Delphine Gomez, PhD
Assistant Professor of Medicine

Dr. Gomez
Dr. Gomez is a member of Department of Medicine, University of Pittsburgh School of Medicine.
Office Location:
1723 Biomedical Science Tower
200 Lothrop Street
Pittsburgh, PA 15261
Contact Information:
Office Telephone: 412-383-3269
Email: gomezd@pitt.edu

Research Interests

The Gomez lab is focused on studying the functional role of epigenetic and transcriptional mechanisms in controlling key properties of vascular smooth muscle cells (SMC) including cell differentiation, lineage memory and plasticity in the context of major cardiovascular diseases including atherosclerosis.

The ability of blood vessels to undergo repair and adaptive remodeling is an essential property of higher organisms. Failure of adequate vascular remodeling contributes to a number of diseases including heart failure and diabetic complications. SMC reversible dedifferentiation, characterized by a temporary downregulation of the SMC marker genes including smooth muscle alpha actin (Acta2) and smooth muscle myosin heavy chain (Myh11) is a key process occurring vascular injury-repair that is tightly regulated by transcriptional mechanisms. SMC acquire a unique epigenetic signature during development from multipotential embryonic cells. Following treatment with the mitogen Platelet Derived Growth Factor-BB, cultured SMC down-regulate expression of SMC marker genes whereas their epigenetic signature persists, suggesting that it may serve as a lineage memory mechanism and be required for SMC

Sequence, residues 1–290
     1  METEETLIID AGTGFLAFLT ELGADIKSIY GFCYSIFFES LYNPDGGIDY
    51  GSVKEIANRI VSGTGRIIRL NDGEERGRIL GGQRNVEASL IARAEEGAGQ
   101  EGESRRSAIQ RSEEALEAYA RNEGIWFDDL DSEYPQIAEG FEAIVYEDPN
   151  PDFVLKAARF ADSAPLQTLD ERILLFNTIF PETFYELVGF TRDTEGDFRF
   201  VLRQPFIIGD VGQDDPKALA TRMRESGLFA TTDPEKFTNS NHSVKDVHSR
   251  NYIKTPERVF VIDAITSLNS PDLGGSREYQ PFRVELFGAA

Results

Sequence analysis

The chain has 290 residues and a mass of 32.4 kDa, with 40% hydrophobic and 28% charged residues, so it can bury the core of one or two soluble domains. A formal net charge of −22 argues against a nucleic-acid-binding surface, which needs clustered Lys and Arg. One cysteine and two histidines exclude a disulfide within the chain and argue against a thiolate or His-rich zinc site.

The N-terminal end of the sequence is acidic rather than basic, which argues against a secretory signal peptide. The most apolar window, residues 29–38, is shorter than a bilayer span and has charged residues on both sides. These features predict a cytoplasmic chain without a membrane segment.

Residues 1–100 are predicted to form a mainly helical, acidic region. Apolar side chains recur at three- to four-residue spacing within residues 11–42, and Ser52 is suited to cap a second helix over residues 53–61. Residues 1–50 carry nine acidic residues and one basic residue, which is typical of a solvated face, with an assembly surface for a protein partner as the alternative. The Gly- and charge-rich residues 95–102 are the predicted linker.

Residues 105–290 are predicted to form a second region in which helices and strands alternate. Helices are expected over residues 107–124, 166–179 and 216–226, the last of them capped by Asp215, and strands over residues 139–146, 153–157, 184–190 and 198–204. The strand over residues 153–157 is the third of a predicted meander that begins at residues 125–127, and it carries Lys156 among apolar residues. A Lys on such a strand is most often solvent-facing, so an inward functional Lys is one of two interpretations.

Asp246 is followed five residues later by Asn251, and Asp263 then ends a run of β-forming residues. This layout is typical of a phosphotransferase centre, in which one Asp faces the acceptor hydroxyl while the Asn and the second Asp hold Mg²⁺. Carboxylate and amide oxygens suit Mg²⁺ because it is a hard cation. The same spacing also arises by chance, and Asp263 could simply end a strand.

re-differentiation. To directly assess the functional role of the SMC-specific epigenetic programming, the Gomez lab develops novel tools to perform gene-specific epigenetic editing in vitro and in vivo. We utilize these tools in vitro and in vivo using smooth muscle cell lineage tracing mice to determine the role of lineage-specific epigenetic programming in controlling cell identity, lineage memory, differentiation and plasticity during blood vessel formation, acute vascular injury-repair processes and chronic vascular diseases such as atherosclerosis.

Selected Publications

  1. Cherepanova OA, Gomez D, Shankman LS, Swiatlowska P, Williams J, Sarmento OF, Alencar GF, Bevard MH, Greene ES, Murgai M, Turner SD, Geng YJ, Connelly JJ, Bekiranov S, Tomilin A, Owens GK .The stem cell pluripotency factor Oct4 induces atheroprotective changes in SMC phenotype. Nature Medicine. 2016 Jun;22(6):657-65. doi: 10.1038/nm.4109.
  2. Gomez D, Swiatlowska P, Owens GK. Epigenetic control of SMC identity and lineage memory. Arterioscler Thromb Vasc Biol. 2015 Dec;35(12):2508-16. doi: 10.1161/ATVBAHA.115.305044.
  3. Shankman L, Gomez D, Cherepanova O, Salmon M, Alencar GF, Haskins RM, Swiatlowska P, Newman AAC, Greene ES, Straub AC, Isakson B, Randolph GJ, Owens GK. KLF4-dependent phenotypic modulation of smooth muscle cells has key role in atherosclerotic plaque pathogenesis. Nature Medicine. 2015 Jun;21(6):628-37. doi: 10.1038/nm.3866.
  4. Gomez D, Shankman S, Nguyen AT, Owens GK. Detection of Histone Modifications of Specific Gene Loci in Single Cells in Histological Sections. Nature Methods. 2013; 10:171-177. doi: 10.1038/nmeth.2332.
  5. Gomez D, Kessler K, Michel JB, Vranckx R. Modifications of Chromatin dynamics control the TGF-?1/Smad2 perturbation in aneurysmal Vascular Smooth Muscle Cells. Circulation Research. 2013; 113: 881-890. doi: 10.1161/CIRCRESAHA.113.301989.
  6. Gomez D, Coyet A, Ollivier V, Jeunemaitre X, Jondeau G, Michel JB, Vranckx R. Epigenetic control of vascular smooth muscle cells in Marfan and non-Marfan thoracic aortic aneurysms. Cardiovascular Research. 2011 Feb 1;89(2):446-56. doi: 10.1093/cvr/cvq291.